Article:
By Janina C. Lim
THE APPAREL INDUSTRY is hoping boosting exports by 10-20% this year, by exploiting opportunities created by the escalating trade tensions between the United States and China.
“I’m looking at sustained growth. At least 10% to 20% increase with the surge of the trade war. We can get a share of that,” Teresita Jocson-Agoncillo, executive director of the Confederation of Wearables Exporters of the Philippines (CONWEP), said in an interview last week at the Department of Trade and Industry.
The US and China have raised tariffs on their imports from the other country, thereby raising the cost to their consumers.
In the case of the apparel industry, China-based manufacturers may relocate their facilities to countries like the Philippines to escape restrictive tariff rates on China-made goods imposed by the US.
Ms. Jocson-Agoncillo added that country’s labor costs remain competitive in the region, making it a viable site for producing apparel.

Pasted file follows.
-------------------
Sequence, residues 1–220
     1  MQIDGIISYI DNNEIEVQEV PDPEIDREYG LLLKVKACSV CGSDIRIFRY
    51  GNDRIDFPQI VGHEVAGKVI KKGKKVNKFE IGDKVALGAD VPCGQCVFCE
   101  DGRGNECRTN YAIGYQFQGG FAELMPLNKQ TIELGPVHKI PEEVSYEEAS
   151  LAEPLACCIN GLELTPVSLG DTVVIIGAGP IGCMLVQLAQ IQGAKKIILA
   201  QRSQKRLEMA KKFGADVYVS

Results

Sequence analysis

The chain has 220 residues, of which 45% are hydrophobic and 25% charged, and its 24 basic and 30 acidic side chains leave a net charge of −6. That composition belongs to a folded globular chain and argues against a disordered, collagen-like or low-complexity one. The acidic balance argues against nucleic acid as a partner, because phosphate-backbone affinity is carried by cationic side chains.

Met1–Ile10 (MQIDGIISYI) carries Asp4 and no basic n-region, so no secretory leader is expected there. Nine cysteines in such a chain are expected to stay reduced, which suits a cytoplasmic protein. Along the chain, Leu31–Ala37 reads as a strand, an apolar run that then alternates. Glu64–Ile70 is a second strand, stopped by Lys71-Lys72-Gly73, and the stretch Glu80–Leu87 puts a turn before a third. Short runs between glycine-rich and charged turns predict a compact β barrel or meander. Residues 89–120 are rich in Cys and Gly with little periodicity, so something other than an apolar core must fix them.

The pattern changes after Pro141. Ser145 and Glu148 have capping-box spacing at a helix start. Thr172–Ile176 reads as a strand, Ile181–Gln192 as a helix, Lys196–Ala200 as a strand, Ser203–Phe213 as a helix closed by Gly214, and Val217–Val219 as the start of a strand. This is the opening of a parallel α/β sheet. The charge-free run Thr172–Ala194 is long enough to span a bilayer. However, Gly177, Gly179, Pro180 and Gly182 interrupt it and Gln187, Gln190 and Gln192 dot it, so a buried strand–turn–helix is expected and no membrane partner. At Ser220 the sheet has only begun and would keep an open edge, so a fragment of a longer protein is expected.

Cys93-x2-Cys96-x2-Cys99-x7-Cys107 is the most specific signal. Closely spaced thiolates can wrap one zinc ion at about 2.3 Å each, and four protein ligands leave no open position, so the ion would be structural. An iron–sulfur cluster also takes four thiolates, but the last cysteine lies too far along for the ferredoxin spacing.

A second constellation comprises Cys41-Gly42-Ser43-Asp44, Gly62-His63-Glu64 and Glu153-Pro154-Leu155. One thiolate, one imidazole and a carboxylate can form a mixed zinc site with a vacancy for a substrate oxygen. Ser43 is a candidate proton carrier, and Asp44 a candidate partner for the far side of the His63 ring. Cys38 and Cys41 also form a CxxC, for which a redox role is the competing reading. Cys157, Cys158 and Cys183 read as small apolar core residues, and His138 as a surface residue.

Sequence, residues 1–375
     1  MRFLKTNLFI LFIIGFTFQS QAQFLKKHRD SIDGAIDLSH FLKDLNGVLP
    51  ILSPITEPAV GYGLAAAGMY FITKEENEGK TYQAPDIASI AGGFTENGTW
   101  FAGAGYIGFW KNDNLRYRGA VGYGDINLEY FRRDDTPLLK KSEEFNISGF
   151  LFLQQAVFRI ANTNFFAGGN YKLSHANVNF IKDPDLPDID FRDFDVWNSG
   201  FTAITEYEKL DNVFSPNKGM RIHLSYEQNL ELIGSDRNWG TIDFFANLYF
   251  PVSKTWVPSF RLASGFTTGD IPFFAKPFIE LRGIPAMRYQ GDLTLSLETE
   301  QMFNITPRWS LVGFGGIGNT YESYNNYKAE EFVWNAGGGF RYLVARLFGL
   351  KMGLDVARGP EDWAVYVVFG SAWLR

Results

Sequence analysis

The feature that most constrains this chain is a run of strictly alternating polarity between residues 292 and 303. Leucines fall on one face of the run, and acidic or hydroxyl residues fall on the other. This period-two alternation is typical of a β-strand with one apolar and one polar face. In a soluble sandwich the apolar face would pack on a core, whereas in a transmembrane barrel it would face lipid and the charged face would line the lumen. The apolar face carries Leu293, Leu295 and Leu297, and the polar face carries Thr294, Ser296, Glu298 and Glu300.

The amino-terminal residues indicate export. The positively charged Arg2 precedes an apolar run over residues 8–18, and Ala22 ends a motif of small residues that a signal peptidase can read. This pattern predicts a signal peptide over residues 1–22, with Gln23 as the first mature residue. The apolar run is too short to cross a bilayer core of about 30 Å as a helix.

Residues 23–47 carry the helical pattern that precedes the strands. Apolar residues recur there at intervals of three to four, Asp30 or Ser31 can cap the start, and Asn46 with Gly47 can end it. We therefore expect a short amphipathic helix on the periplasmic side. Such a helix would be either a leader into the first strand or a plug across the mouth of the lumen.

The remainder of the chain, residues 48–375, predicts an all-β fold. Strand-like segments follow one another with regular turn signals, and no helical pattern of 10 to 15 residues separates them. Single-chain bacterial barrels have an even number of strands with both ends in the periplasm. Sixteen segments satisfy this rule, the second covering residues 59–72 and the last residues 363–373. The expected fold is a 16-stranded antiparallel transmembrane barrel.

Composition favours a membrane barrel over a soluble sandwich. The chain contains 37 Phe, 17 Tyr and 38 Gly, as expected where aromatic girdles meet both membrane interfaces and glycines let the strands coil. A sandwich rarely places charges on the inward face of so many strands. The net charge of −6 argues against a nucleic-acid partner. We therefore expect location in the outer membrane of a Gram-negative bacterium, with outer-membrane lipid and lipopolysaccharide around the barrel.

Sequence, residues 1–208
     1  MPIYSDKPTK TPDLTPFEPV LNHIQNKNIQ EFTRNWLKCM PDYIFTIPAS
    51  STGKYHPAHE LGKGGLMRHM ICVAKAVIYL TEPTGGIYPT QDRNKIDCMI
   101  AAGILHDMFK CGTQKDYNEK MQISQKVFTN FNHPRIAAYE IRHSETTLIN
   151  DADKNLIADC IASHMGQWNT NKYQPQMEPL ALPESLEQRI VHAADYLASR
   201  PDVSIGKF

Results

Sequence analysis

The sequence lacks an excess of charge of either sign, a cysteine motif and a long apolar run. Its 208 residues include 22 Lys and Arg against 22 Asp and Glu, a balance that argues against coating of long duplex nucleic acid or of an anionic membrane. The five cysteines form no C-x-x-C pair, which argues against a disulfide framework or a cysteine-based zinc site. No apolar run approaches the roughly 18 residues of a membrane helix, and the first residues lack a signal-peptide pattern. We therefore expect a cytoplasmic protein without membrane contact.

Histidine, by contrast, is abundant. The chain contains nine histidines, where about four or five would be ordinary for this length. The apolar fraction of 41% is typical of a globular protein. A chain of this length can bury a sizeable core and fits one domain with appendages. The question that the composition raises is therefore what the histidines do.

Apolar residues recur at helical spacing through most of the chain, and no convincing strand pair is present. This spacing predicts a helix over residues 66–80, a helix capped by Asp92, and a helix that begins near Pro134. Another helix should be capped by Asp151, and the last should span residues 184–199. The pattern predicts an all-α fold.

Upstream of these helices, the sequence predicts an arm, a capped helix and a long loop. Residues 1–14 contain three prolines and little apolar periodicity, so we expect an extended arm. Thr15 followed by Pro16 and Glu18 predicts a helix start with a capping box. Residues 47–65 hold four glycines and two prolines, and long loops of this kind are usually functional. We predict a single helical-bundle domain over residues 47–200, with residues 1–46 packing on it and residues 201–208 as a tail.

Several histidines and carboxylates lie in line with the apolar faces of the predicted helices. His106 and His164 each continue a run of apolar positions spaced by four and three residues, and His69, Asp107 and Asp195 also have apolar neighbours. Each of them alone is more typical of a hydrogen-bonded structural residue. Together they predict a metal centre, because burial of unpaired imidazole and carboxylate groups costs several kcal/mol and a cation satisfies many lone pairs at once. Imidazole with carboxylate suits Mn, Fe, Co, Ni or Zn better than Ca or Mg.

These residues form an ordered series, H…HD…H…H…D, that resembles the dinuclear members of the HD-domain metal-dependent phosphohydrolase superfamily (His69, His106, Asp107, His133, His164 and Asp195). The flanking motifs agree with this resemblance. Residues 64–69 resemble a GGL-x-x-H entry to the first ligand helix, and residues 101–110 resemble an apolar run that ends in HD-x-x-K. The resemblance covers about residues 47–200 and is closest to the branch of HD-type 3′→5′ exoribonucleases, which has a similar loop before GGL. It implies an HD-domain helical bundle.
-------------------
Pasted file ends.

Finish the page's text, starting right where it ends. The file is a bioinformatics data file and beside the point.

Apparel exports amounted to $1.02 billion last year, of which US deliveries accounted for about 70%. The 10-20% forecast would bring 2018 exports to $1.12 billion at the low end to as much as $1.23 billion.
However, the Philippine Statistics Authority estimates that exports of apparel and clothing accessories in the first six months fell 40.6% year-on-year to $411.14 million.
Meanwhile, Ms. Jocson-Agoncillo also revealed that US footwear manufacturers are working to include footwear items under the US generalized system of preference amid plans to set up factories in the Philippines. She said the US footwear companies, which she declined to name, are hoping to invest in the Philippines once the US Congress approves the necessary GSP adjustments.
“When they get the changes they want to GSP, they will manufacture here,” Ms. Jocson-Agoncillo told reporters in Makati City.
She noted the high cost of producing shoes in the United States, where materials for footwear are levied an average duty of around 20% to 25%.
Ms. Jocson-Agoncillo likened the situation to that of the Coach brand, which entered the country in 2011 right after the US Congress included 26 sub-categories of leather goods in the GSP.
The Coach brand is now manufactured by four groups and has since expanded to at least eight factories in the Philippines.